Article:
The father of a snowmachiner killed Saturday by an avalanche in Hatcher Pass -- becoming the area's second apparent avalanche fatality this winter -- said his son was a motor sports enthusiast well-versed in the risks of Alaska's backcountry.
Trygve Erickson said Sunday afternoon that his son, 35-year-old Dashiell Erickson was riding a snowmachine when he was hit by what two fellow riders on another snowmachine described to Trygve as a "freak avalanche."
Trygve Erickson said his son had been snowmachining since the age of 4, traveling thousands of miles in the backcountry.
"Dashiell just lived for motor sports: snowmobiling, boating, off-road riding, he just loved it all," Erickson said. "He was a trained, an experienced rider who was reasonably aware of the risks and how to calculate and compensate for those risks."
Dashiell Erickson, as well as his two riding partners, had consulted the Hatcher Pass Avalanche Center's website before heading out Saturday.
The center had reported at about noon Saturday the area was under considerable avalanche hazard for wind-slab avalanches at elevations higher than 3,500 feet, with the hazard level falling to moderate between 2,500 feet and 3,500 feet and low below 2,500 feet. In a subsequent update on the fatal avalanche, posted at 8:30 p.m. Saturday, the center warned that wind gusts had already hit 54 mph and avalanche conditions were expected to worsen.
"We have been informed that a group of snowmachiners were traveling somewhere around Craggy Creek when their friend was buried approximately 6 feet deep in an avalanche," center staff wrote of the avalanche that killed Dashiell Erickson. "He was wearing a beacon and dug out fairly quickly, but was deceased."
All three men were carrying avalanche beacons and probes, Trygve Erickson said, as well as inflatable avalanche cocoons.
"They were not riding aggressively," he said. "Where they were riding basically amounted to a mountain road; what was above them was a bare rock face."
At that point, a section of snow measuring roughly 25 by 40 feet descended on the snowmachiners.
"It carved off and came down fast," Erickson said.
According to a Saturday trooper dispatch, troopers responded to the Hatcher Pass Lodge after receiving a report of the avalanche from the surviving snowmachiners.
"AST contacted two men, who reported they had been riding on the Willow side of Hatcher's Pass with a third male, when his snowmachine got swept off the trail they were riding on by an avalanche," troopers wrote. "The companions were able to locate and remove the male from the snow. The man died despite efforts by the man's companions to revive him."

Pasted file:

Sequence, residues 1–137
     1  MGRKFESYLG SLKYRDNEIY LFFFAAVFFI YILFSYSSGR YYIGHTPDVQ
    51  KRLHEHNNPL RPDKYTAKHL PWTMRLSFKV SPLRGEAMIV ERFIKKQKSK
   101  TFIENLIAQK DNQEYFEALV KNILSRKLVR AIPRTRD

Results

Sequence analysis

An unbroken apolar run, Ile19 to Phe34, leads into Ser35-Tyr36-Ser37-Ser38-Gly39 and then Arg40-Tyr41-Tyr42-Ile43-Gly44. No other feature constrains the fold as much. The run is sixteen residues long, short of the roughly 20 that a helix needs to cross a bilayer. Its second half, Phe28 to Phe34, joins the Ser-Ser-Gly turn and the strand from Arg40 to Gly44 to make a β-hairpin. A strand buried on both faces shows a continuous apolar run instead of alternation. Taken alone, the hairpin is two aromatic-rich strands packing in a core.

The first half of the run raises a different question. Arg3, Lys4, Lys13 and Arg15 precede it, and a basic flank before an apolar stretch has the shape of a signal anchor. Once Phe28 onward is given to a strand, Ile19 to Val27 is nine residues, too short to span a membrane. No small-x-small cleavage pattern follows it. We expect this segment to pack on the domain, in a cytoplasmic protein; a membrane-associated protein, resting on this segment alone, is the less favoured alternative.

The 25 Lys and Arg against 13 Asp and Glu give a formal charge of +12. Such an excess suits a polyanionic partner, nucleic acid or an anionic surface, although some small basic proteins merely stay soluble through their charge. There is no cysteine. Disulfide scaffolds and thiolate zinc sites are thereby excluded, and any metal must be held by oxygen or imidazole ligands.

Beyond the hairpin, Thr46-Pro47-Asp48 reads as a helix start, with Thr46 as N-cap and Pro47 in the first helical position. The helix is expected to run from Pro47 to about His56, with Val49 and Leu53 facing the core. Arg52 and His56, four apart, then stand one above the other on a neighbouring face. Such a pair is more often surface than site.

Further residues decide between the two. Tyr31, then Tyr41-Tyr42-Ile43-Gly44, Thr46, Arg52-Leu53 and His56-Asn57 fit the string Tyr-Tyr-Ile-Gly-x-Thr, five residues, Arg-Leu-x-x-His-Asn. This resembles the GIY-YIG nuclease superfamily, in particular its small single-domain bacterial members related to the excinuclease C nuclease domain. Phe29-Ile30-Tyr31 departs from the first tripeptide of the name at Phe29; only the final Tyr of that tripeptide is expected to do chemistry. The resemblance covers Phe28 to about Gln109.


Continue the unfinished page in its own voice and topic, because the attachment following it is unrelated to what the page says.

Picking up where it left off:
Trygve Erickson said his son was apparently hit from behind by the oncoming snow.
"The avalanche struck Dash with force (and) speed, even though it was a very small avalanche," Erickson said. "He was probably killed on impact."
Trygve Erickson said Dashiell's two riding partners, who were forced to leave his body overnight due to what troopers described as near-blizzard conditions, were "having a difficult time expressing themselves" Sunday.
"Both of them stayed out until after dark, performed CPR for an hour, and were back out before the crack of dawn this morning for the recovery effort," Trygve Erickson said. "They responded just the way you hope your friends would respond."
Troopers and searchers from the Alaska Mountain Rescue Group were able to locate and recover Dashiell Erickson's body on Sunday afternoon, according to troopers spokeperson Tim DeSpain.
Dashiell Erickson is the second person believed to have died of an avalanche in Hatcher Pass so far this year. On Nov. 22, Wasilla skier Liam Walsh took to the slopes of Hatcher Pass and hasn't been heard from since, with initial search efforts for him delayed by avalanches that blocked Hatcher Pass Road. Both troopers and loved ones have suspended the search for Walsh, 31, who is believed to have been caught in an avalanche; a memorial for him was held just before Christmas.
Trygve Erickson, the director of communications and electronics for the Municipality of Anchorage's Department of Public Works, said his son worked for the department's facility maintenance section as a journeyman carpenter. Dashiell Erickson had been a carpenter for about six years, roughly as long as he had been married to his wife Lisa.
Erickson said his son went by the nickname "Dash" from an early age.
"He lived up to the name Dash from the very beginning," Erickson said.